Large Ball Lightning and UFOs

Large ball lightning might explain some UFO reports. Other types of UFO might exist of course, even though many reports are undoubtedly hoaxes or misperceptions. It is well-known that large electric currents exist in the ionosphere. Suppose that a large specimen of ball lightning 10m in radius was created by such a current. It could weigh several tons, fall to the earth and burn a spot on the ground. It might live for several hours, but eventually its density would decrease and it would rise or hover. Jets of escaping plasma could disturb the earth beneath a ball, propel it to high velocity or impart rotation, which could result in an erratic or zigzag path.

The polar regions of a large ball would have less current density and hence might be lost, leaving a disk or lens-shaped object. A large ball, like lightning, would have a bright silvery-metallic appearance by day, and shine brightly by night. Irregularities in the field could produce light or dark spots on a ball; the color could vary, depending on the effective surface temperature. A row of evenly spaced lights might arise from a circular form of bead lightning, which probably consists of a standing longitudinal electric current wave. Intense heat, light and ultraviolet light would be radiated, as well as possibly radio interference or microwaves.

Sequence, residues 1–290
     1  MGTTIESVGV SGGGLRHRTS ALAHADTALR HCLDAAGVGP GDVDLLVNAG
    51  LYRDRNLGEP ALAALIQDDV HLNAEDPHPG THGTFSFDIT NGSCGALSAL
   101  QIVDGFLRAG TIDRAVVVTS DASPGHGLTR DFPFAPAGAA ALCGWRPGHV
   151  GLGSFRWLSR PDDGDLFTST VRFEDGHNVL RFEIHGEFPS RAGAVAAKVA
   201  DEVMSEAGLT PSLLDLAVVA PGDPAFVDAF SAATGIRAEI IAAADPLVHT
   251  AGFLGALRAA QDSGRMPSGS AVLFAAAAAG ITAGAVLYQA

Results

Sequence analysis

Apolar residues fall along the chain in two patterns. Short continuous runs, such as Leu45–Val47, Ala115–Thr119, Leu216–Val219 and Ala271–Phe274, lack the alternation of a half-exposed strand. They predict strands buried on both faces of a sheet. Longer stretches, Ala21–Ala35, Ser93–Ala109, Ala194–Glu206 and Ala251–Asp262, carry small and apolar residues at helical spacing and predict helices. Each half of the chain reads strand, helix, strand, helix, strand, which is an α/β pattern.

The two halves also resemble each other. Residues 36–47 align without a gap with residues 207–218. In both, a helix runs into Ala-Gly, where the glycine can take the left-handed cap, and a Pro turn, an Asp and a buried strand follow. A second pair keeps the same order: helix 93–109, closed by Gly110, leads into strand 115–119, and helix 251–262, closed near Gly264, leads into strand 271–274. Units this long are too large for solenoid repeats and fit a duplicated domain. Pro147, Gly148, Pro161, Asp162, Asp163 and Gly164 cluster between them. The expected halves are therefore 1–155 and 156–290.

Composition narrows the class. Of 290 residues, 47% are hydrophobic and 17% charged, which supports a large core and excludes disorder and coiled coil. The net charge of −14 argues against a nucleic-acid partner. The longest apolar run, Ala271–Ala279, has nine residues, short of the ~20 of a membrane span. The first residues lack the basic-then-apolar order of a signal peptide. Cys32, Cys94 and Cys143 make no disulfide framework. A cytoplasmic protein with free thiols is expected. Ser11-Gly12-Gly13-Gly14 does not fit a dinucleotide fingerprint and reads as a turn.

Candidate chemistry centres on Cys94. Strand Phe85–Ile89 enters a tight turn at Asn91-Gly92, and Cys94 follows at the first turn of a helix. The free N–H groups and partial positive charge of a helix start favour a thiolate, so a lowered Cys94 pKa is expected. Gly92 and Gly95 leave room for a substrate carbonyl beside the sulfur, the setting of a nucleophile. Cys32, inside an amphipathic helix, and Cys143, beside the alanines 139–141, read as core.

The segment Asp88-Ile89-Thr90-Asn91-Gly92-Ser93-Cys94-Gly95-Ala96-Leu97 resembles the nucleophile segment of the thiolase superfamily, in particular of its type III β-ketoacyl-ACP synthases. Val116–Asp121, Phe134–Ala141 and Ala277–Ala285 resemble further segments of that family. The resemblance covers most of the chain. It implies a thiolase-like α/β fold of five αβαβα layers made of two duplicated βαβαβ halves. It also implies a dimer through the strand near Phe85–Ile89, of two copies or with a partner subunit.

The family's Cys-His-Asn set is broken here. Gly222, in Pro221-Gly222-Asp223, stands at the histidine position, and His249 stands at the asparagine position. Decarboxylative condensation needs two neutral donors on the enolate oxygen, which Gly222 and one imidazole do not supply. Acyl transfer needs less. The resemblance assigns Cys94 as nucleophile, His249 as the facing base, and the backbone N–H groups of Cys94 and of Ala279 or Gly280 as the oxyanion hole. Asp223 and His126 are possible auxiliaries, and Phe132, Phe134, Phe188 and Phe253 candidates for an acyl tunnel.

The current in a 10m ball at ground atmospheric density would be about 108 amperes. The resulting large external magnetic field could disturb a compass up to a kilometer away, or open magnetically activated circuit breakers in nearby cars or electrical equipment. A large ball might appear to follow a car or airplane due to magnetic attraction to the iron, but large eddy currents induced in the metal would repel, preventing it from getting too close. Rotation of a large ball through its own magnetic field could produce a radial potential difference of thousands of volts, possibly giving rise to electrical effects such as beams, corona or electric shock. Perturbations by air currents or plasma jets could cause a large ball's magnetic axis to wobble about the direction of the earth's magnetic field, with a period of a few seconds. The net linear magnetic force on a ball is proportional to the gradient of the earth's field and is negligible.

A humming might be produced by radial oscillations of the ball. Pulsing or beeping could result from a periodic transfer of energy between different modes, or by atmospheric effects. Gases, such as ozone or nitrogen oxides, could be given off, producing a pungent smell causing nearby observers to become ill, incoherent or unconscious. This might explain odd stories related by witnesses.

Next: Conclusion